Keratoconus? You’re not alone.

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Have you been diagnosed with the
corneal disease, Keratoconus? If you
have, you’re not alone. According to the
Cornea Research Foundation of America,
100 to 200 people out of every 100,000
develop this disease. Keratoconus gradually
transforms the cornea from a natural
round shape to a funneled cone shape
and can also cause it to thin. Progression
of this disease, which may last from 10 to
20 years, often lead to symptoms such
as blurred vision, sensitivity to light, difficulty
with night vision, and headaches
due to straining of the eyes. LASIK and
PRK are not recommended for those who
have this disease because of the risk of injury
from the thin cornea. In severe cases,
scarring of the corneal tissue has been
reported.
Keratoconus dramatically affects the
cornea. This is the clear protective outer
layer of your eye. It is not only responsible
for protecting your eyes from foreign objects
such as dirt, dust, and bacteria, it is
also responsible for the precision of your
vision. The cornea refracts the light entering
your eye and depending on its degree
of curvature, determines how well you
can focus on objects up close or farther
away. As keratoconus progresses, the
cornea can transform into a cone shape
which can limit your field of view causing
blurred vision, irritation, sensitivity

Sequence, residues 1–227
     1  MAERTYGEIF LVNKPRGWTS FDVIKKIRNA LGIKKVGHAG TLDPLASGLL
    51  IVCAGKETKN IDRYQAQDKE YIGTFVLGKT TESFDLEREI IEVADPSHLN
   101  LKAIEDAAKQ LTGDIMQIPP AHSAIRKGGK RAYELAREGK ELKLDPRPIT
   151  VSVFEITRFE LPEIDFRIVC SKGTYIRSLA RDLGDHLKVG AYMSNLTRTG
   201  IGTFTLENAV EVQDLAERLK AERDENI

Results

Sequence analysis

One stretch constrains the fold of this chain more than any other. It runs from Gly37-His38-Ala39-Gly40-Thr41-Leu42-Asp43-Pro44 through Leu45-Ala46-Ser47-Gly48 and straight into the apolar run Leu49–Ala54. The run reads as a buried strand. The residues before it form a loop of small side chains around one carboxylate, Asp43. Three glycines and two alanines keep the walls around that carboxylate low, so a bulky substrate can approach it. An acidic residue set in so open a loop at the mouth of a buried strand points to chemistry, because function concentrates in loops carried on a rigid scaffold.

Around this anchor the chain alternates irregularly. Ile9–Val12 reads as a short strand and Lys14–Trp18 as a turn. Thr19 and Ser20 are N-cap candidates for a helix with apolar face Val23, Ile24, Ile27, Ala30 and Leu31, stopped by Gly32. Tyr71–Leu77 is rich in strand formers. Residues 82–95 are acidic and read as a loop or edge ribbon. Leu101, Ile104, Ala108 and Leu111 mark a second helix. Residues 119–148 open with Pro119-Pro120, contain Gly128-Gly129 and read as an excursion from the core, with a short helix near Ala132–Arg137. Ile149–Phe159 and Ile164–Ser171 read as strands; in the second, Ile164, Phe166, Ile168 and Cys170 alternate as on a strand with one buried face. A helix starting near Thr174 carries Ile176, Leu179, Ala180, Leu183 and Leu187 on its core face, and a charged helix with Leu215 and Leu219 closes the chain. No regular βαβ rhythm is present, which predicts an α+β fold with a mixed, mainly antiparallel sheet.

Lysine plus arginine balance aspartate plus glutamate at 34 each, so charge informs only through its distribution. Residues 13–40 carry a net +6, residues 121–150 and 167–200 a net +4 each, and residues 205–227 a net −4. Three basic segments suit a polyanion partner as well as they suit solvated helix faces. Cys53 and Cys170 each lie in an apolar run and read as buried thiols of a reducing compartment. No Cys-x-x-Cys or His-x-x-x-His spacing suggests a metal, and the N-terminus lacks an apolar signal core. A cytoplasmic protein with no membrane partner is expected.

to light and in some cases halo’s around
light sources. In many cases , these effects
of keratoconus happen in both eyes and
each can be affected differently.
Recent studies have shown many factors
that attribute to the progression of keratoconus.
One of the main determinants
of keratoconus is thought to be heredity.
According to the National Eye Institute,
7% of people who have keratoconus have
a family history of the disease. Agitation
of the eye through rubbing from allergies,
scratching, chronic use of hard contacts,
and injuries to the eye are also factors
that determine the possibility of developing
this disease. Keratoconus can also be
linked to those who have other eye diseases
such as, retinitis pigmentosa, retinopathy
of prematurity, and vernal keratoconjunctivitis.
Systemic diseases, those
that affect the bodies organs and tissues
such as Down syndrome and Ehlers-Danlos
syndrome, are also are believed to be
factor in acquiring keratoconus.
Treatment for keratoconus is limited.
Patients who have the corneal disease
are usually prescribed certain glasses
and soft or gas permeable contact lenses
that provide as little irritation as possible
while giving the patient the best possible
view they can have. If the rounding and
thinning of the cornea becomes too extreme
and glasses and contacts become
uncomfortable, many times a corneal
transplant is recommended. According
to the Eye Bank Association of American
2008 Statistical report, each year there
are 40,000 corneal transplants performed
in America. When considering a corneal
transplant or any type of ocular surgery,
always research, educate, and find the
most experienced corneal surgeon to
minimize the possibilities of complications
from the surgery. The TMS-4 Corneal
Topographer at Bucci Laser Vision offers
a 3D examination of the cornea, contact
lens fitting, and keratoconus screening.
Dr. Frank A. Bucci J.r., MD is a fellowship trained corneal specialist. If you have been diagnosed with
keratoconus or have symptoms that resemble this corneal disease, please call 1-877-DR-BUCCI
(1-877-372-8224) for an evaluation at one of our locations nearest to you.
“Your Second Chance to See Life for the First Time…”

 

-Courtesy of Andrea Trower Senior Style Magazine

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